ITER fusion reactor
The reactor that will be able to produce electronuclear energy without risk of explosion or radioactive waste is called Iter (International Thermonuclear Experimental Reactor) and is based on nuclear fusion.
The project was supported by China, Japan, Russia, United States and the European Union (with the collaboration of Switzerland). As a possible location for ITER two European Union places have been proposed (Cadarache, in France, and Vandellòs, in Spain), as well as Clarington, in Canada, and Rokkahomura, in Japan. The decision will be made by the end of 2004 and the construction works will start between 2005 and 2006. It will take a long time to build it: the building will end after 10 years, and the first electricity GW will be not be produced before 2050.
The ring-shaped core of Iter reactor is called Tokamak, it is made of metal and has 6.2 m radius, it is empty inside and it is surrounded by magnets. It will allow to heat a gas made up of particles like deuterium and tritium, i.e. hydrogen isotopes (the mixture is called plasma), until extreme temperatures (hundreds of millions of degrees) are reached first with an electric power source and then by injecting electromagnetic waves (like in the microwave) with a million watt power. The heat will make the particles move rapidly, crash with a sufficient strength, overcome repulsion and melt. At such high temperatures, no material is technologically able to resist and inside the ring-shaped core magnetic confining is used, i.e. magnetic fields that act around the plasma in order to keep it far enough from metallic walls.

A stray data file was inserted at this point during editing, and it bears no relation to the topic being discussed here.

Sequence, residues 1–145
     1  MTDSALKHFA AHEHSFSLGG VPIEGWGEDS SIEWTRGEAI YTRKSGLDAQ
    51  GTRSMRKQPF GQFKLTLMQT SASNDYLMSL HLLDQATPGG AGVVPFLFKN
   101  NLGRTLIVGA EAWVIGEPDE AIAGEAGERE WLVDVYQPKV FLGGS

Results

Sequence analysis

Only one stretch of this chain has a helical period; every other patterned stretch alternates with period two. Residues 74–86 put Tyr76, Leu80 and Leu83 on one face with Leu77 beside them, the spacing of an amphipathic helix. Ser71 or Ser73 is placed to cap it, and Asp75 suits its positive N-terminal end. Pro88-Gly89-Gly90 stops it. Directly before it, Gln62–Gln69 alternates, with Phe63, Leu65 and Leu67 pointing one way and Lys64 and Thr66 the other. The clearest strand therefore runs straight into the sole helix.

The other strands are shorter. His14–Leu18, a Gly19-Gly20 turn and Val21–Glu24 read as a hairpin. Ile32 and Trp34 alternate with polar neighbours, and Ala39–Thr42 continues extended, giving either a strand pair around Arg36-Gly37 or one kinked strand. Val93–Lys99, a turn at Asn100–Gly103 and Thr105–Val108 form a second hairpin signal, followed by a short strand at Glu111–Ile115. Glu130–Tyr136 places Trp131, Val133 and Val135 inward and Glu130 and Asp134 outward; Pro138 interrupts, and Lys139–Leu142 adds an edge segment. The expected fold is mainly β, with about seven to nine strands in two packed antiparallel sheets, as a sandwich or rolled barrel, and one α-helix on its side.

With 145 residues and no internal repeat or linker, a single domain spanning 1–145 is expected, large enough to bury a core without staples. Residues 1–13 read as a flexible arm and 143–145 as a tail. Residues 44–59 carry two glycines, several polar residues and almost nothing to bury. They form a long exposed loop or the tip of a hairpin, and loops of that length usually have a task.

The problem is that so far the energy produced with these experiments (for example in Great Britain in Joint European Torus, JET) has not even compensated the energy wasted to heat the plasma.